Why Go-Ahead shook up its procurement strategy

4 October 2021

Travel company Go-Ahead has decided to heavily increase its spending with SMEs following the pandemic to boost innovation.

Go-Ahead, one of the UK’s largest transport operators, told Supply Management it will spend at least £250m per year with SMEs from 2022 in a bid to attract greater innovation to the transport sector and meet sustainability targets. 

Glyn Watts, group head of procurement at Go-Ahead, said OECD research that found 70-80% of SMEs had experienced a drop in revenue since February 2020 – with some facing drops of up to 50% – had also prompted the decision.

Watts told SM: “We recognised pretty soon after the pandemic started that SMEs were likely to be disproportionately impacted by the pandemic, and unlikely to be able to respond or be as flexible as many large companies. As we've got £2.5 billion worth of spending power, we thought we have a responsibility to do something.”

Working with SMEs allows for greater innovation and an opportunity to “disrupt the supply chain”. 

“If we always go to the same suppliers, if we always advertise with the same portals, we're always going to get a similar result, or a similar set of suppliers,” he said. 

Watts said working with SMEs enables companies to localise supply chains, which “allows us to get much closer to our customers and embed ourselves in the communities we serve”. 

Working with local suppliers can drive sustainability targets, Watts said, by having suppliers “on the doorstep”.

The company has introduced sustainability weightings in tenders of at least 5%, but this figure is often 10% and above, which it hopes will drive change throughout its supply chains. 

“Suppliers will start to win and lose business on the back of sustainability factors. So they need to adapt, and they need to adapt quickly, if they want to do business,” said Watts.

Procurement has fundamentally changed focus in the past four to five years he said, with greater focus now being placed on social value factors. This means while the lowest bid often previously won contracts, Watts is increasingly finding that companies with greater emphasis on sustainability are winning.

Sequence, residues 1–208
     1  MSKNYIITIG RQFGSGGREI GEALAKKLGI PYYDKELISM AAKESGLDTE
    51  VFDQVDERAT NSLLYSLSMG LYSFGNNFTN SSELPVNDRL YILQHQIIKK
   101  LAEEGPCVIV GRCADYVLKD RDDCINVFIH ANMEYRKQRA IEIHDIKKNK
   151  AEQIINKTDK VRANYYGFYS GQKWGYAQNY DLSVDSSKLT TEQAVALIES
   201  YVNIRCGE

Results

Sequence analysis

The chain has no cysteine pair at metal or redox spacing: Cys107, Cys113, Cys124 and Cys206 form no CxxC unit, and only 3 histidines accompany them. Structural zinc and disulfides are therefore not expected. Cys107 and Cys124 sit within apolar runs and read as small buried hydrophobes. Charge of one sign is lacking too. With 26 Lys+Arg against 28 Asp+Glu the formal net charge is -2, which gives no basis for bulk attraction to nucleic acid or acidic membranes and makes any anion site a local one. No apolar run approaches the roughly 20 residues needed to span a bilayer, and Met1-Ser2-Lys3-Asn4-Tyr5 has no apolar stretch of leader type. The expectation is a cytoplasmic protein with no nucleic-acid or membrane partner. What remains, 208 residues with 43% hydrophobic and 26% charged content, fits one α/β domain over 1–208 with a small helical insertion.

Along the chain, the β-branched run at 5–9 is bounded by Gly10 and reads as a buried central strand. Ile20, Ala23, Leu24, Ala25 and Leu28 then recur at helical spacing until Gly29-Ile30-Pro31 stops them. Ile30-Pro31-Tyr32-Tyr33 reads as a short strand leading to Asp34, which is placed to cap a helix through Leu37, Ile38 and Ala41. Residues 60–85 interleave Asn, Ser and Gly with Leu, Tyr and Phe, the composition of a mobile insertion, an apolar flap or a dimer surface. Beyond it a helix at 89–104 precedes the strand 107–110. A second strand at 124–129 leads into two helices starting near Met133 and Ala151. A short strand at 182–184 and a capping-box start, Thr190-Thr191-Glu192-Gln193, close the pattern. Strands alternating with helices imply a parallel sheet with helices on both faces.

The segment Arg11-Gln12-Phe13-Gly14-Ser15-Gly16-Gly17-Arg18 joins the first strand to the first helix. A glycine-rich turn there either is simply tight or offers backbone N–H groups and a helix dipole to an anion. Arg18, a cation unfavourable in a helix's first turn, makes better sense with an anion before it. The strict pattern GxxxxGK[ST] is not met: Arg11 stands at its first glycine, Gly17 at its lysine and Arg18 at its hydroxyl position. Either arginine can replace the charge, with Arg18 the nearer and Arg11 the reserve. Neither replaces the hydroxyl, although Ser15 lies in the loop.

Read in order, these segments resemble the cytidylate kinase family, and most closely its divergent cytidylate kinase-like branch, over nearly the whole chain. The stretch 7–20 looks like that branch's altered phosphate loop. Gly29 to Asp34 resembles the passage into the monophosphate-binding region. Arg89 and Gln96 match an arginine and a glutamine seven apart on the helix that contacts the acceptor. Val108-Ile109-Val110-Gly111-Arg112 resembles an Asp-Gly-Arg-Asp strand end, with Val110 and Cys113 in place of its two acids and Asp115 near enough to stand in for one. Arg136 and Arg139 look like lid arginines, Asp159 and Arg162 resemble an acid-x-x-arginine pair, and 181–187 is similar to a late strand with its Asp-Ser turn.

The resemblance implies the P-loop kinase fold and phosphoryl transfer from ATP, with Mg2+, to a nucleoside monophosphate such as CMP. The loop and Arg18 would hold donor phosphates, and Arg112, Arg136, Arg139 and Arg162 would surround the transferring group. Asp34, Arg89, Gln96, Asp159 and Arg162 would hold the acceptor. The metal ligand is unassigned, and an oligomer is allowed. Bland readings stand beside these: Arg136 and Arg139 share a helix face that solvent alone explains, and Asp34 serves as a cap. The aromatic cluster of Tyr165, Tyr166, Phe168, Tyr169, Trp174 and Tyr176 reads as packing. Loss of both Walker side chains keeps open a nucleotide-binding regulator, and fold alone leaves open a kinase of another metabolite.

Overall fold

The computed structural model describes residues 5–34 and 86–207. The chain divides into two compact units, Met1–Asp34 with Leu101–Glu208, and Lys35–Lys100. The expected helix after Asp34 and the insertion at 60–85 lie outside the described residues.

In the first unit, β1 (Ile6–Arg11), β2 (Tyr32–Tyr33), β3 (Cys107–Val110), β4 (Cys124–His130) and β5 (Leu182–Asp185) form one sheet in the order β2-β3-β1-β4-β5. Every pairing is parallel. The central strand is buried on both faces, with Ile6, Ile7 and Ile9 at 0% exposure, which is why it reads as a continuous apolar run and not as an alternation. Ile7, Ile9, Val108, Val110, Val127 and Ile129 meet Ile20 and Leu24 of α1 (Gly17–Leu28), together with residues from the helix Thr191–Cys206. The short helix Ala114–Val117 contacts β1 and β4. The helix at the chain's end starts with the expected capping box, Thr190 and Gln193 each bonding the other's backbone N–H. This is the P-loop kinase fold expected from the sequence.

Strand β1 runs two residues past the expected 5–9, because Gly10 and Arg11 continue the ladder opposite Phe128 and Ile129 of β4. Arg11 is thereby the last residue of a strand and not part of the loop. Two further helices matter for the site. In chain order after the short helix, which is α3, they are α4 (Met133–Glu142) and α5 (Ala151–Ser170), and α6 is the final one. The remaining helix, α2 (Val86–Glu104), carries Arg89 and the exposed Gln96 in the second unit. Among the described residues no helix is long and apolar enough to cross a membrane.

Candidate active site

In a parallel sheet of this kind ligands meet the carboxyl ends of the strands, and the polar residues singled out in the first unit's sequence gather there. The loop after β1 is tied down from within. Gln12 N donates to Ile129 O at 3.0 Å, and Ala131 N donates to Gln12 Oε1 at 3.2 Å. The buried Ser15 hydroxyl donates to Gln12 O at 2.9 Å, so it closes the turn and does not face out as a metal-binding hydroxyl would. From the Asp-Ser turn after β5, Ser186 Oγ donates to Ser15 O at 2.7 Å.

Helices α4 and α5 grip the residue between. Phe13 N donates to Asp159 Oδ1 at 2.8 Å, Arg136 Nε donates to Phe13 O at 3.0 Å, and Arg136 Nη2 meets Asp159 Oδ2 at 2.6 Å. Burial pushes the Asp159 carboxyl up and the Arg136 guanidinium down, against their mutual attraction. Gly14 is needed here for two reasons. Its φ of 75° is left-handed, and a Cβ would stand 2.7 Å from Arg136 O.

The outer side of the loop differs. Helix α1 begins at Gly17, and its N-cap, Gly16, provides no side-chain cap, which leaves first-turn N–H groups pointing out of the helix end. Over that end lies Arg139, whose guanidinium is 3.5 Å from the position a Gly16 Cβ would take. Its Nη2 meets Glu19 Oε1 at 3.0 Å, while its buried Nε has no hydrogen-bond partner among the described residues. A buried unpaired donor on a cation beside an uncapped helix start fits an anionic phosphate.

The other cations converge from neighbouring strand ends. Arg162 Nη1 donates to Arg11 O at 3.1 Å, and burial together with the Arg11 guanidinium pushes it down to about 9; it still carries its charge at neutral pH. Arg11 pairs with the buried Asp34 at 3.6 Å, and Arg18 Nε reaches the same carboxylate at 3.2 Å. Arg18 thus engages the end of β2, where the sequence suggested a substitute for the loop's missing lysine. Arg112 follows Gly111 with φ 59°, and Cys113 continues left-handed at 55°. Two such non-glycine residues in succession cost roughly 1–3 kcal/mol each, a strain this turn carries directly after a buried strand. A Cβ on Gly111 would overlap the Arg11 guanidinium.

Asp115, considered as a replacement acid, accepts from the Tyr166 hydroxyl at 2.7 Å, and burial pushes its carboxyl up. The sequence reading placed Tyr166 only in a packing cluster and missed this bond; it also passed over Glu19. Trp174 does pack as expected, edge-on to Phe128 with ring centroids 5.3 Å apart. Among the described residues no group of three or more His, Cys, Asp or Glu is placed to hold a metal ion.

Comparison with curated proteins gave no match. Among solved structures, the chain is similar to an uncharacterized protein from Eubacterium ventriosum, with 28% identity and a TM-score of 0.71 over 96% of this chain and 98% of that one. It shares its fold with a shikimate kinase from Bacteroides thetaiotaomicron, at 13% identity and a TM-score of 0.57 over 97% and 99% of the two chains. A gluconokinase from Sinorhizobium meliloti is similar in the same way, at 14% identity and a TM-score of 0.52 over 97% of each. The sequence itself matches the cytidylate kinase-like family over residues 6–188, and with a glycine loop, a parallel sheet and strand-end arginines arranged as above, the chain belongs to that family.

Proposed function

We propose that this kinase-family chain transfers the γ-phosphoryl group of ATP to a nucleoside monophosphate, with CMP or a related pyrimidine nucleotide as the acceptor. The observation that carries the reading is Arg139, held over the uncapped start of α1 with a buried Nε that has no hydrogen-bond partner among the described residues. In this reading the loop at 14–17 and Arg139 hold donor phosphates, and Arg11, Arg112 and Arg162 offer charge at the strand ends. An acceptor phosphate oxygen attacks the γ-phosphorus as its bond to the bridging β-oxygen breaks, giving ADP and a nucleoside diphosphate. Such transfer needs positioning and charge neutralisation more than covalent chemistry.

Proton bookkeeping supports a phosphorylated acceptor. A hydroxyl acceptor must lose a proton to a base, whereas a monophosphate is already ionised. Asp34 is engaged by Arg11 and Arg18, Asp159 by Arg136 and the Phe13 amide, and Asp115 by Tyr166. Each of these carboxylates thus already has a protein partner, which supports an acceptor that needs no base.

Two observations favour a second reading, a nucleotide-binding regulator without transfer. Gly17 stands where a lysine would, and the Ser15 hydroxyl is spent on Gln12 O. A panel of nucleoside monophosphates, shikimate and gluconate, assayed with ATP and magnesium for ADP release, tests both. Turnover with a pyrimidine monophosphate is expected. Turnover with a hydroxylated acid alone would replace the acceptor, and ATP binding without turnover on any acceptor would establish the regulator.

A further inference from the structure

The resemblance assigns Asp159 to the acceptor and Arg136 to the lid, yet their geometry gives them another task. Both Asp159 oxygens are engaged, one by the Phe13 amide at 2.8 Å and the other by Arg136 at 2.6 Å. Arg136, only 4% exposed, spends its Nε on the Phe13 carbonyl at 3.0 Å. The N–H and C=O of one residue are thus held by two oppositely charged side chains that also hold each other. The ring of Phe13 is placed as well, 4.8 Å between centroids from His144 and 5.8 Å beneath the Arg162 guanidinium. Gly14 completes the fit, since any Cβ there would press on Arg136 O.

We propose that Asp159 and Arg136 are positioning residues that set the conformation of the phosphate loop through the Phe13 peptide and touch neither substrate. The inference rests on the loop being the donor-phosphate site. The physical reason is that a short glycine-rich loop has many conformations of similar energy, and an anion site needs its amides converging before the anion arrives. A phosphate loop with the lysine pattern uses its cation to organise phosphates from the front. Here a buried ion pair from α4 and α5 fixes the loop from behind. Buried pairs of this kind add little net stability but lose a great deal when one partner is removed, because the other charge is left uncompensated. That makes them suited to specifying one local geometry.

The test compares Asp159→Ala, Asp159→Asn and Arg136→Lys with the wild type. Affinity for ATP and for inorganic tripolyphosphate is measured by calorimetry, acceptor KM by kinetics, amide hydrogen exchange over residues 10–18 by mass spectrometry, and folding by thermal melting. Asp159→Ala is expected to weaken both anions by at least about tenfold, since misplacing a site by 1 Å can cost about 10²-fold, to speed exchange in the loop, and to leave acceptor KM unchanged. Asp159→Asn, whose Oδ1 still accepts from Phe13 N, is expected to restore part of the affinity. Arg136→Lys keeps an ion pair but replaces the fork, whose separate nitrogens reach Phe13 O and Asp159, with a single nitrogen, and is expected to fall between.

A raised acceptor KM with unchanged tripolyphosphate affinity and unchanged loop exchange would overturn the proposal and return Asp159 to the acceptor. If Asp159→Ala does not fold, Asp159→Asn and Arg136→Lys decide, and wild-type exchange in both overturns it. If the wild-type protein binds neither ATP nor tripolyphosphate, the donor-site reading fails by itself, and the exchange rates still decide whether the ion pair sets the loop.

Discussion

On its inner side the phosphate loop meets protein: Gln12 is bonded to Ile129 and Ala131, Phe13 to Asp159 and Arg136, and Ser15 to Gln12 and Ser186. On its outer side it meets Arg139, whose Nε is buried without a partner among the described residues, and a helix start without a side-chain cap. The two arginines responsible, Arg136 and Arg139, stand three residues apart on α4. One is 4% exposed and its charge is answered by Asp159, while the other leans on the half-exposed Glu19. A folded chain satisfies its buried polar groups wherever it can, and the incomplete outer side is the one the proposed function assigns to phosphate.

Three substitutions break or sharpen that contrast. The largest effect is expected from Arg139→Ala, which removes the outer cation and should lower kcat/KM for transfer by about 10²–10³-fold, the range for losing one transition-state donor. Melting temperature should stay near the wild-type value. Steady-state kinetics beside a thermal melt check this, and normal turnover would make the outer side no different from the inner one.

Sustainability and social value factors “are becoming a key differentiator between our supply base who can react to our priorities and who can't.

"This can easily swing a tender. It has happened recently on car parking and some of the other big tenders we've run. The companies which are big in that area have managed to get 10% of the marks, and it didn't matter they were more expensive, they won the business.”

The pandemic and drive to net-zero has highlighted the importance procurement teams play within driving sustainability goals. 

Watts described procurement teams as “gatekeepers” and procurement teams need to ask: “Is there a different way to do this? Is there a better, more clever way to do this? A way that doesn't impact the environment in the same way, or is better for our passengers?”

The company is currently at the centre of controversy after the Department of Transport did not renew Go-Ahead's franchise for Southeastern trains after it was accused of not returning more than £25m in taxpayer funding.

A Go-Ahead spokesman said: “We are naturally disappointed that our Southeastern contract is coming to an end. The rest of the group is unaffected, and our strategy to boost spending with SMEs will remain in effect at all our other UK bus and rail companies.”

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